May 12, 2019

Has anyone ever hired a sales person?

rohanm93

Hello IH! I wanted to see if any of you have hired a sales person for B2B sales. I've been doing this myself over the past 3 months, but leadgen, outreach, constant follow-ups, meetings & demos have been taking up all my time over the past month or so.

A lot of this stuff is super repeatable so I'd love to explore a sales person joining me on a commission-only basis. I have a limited budget since I'm bootstrapped. Has anyone here done something like this?

How much did you pay them or was it commission-only? How much commission is reasonable?

Where did you find the right person?

Any tips would be so appreciated!

  1. 1

    My 2 cents fwiw. I'm currently growth at a series D b2b saas venture. Prior to this I ran a (now closed) b2b saas venture and took it to $200k in revenue. I tried doing what you're describing, and in fact did it without any sales hires. The data says that this isn't the path to success though. You might be trying to grow before you make 1 customer extremely happy. And that's a leaky bucket. Stanford gushed about Zoom to a few other colleges and these were Eric's first customers. No marketing, no sales. So, what you might want to do instead is 1) find one customer willing to cross the chasm with you and 2) make them so happy that they recommend you to someone else. This is how my current venture also found their first growth. You'll be able to hire a great sales person when you can show them that you have had w-o-m success for a use case that sells itself.

  2. 1

    I would suggest a referral system + building a lot of online demos + recorded webinars.

    I've hired a lot of good sales people in my career, but commission only is really unfair as sometimes product sales cycles are longer that you expect + other market/product variables.

  3. 1

    Hey there! I think this is a great question, and definitely in the B2B space it's an important discussion to be having. A lot of successful founders have noted that building out B2B sales should be a huge focus for founders earlier in the game than it often is, even more so than marketing if the niche is specialized enough. I'm glad to see the topic discussed here!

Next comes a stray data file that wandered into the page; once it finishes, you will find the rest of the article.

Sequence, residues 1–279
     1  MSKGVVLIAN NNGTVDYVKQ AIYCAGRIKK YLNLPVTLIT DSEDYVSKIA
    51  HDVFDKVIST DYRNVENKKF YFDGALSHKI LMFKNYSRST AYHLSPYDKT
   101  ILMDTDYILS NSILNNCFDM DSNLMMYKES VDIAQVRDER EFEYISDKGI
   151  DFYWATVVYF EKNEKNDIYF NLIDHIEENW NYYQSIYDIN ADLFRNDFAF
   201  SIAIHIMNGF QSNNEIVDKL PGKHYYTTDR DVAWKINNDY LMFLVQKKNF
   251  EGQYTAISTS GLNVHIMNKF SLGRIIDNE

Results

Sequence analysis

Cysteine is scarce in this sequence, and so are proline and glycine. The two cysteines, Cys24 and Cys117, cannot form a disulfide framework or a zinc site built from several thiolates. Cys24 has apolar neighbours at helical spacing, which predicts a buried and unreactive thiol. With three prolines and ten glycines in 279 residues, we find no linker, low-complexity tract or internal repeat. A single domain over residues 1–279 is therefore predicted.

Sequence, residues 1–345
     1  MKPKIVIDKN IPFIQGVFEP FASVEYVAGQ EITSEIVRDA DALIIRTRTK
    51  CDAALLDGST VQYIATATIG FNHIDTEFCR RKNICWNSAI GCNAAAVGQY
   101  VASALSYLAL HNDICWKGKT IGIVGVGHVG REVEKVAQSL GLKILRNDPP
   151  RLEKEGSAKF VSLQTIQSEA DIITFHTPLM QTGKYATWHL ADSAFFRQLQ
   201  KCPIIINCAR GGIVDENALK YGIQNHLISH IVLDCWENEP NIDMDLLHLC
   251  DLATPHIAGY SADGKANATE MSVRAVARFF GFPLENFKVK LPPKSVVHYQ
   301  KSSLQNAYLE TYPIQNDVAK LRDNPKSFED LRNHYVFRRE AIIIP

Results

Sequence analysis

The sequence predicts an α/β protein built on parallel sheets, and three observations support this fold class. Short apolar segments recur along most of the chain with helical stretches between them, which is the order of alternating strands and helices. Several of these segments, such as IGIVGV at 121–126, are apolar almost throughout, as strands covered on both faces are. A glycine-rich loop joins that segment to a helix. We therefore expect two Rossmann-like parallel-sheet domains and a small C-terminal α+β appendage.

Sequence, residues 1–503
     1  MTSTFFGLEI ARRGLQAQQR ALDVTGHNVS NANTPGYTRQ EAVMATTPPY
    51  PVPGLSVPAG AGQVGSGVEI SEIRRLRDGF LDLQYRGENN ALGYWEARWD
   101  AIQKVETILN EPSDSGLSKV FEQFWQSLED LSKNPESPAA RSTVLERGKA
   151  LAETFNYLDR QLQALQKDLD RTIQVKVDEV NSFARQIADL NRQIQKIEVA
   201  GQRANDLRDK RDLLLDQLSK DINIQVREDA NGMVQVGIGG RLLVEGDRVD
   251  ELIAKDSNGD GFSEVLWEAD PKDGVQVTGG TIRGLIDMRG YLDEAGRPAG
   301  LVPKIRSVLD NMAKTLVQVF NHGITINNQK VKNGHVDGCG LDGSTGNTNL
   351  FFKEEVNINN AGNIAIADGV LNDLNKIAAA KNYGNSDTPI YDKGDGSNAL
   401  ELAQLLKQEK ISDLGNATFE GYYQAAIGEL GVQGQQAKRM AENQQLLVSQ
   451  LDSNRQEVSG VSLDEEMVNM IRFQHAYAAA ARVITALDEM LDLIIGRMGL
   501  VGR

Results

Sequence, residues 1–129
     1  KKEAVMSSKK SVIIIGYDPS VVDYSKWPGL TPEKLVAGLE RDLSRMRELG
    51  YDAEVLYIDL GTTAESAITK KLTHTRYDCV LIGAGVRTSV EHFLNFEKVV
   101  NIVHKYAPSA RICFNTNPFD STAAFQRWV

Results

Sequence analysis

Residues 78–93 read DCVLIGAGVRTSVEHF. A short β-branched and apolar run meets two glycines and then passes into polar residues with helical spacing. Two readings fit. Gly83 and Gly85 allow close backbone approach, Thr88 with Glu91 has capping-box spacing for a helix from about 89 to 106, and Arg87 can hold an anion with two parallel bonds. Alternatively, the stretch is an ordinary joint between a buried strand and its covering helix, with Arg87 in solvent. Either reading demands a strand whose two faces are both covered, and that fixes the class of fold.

One request, though: as a woman with a background in marketing and sales, I'd love it if we could limit the gendered language when we're talking about people. I feel like my contributions and expertise are erased from the conversation in the context of language like "sales guys" and "#-man teams," and it doesn't feel good and doesn't encourage me to contribute. Thank you for your understanding.

    1. 2

      Hey Lauren - thanks for your note and apologies for the gendered language. I've edited the question and I'll be more cognizant of this in the future.

  4. 1

    I will just say that this interests me too. And I have not hired a sales guy (yet). But I just returned from a conference in the Philippines and I met a number of foreign founders and their local staff there. The business development staff were really quite good. With a bit of training I think you could get them doing lead generation and nurture and you could focus on the closing. I was quite encouraged.

    1. 1

      Awesome! Please do let me know how that goes.

  5. 1

    Not personally, although I was part of a 2-3 man company that tried to hire a sales guy.

    Long story short it didn't go well. Not because of skill (as far as I could tell the guy was good at sales although he lacked usable contacts in the industry), but because of expectations.

    Especially in B2B the ramp-up time for anyone in sales to start generating results in a good 6-12 months (depending on the business model / pricing). This timeframe is probably something you're well aware of given your position, but in my example the owner expected results a lot sooner.

    In reality the owner probably should have been more supportive, while the salesman should have set expectations better. In the end the relationship fell apart after 6 months with no sales, a souring company culture and the rather expensive salary.

    Not sure if that's much use to you. I would suspect the people who would help you in the short term (years of experience in the market, lots of contacts) would want way too much money, while those that don't would need a lot of support and time to get results.

    1. 2

      Thanks a ton for getting back to me, Grend - your points are definitely really helpful!

  6. 1

    Recommend reading Predictable Revenue. You can either hire sales development reps (bring you leads) or outsource that to an external company.

    You should still handle demos to stay close to the customers for now.

    1. 1

      Thanks for the book recommendation and great advice on the demos - much appreciated.

      I think I'd like to hire sales development reps - I'm going to put a few job postings out and see if I can attract anyone on a commission only basis. Have you had experience outsourcing BD? What were your experiences?

      Thanks again!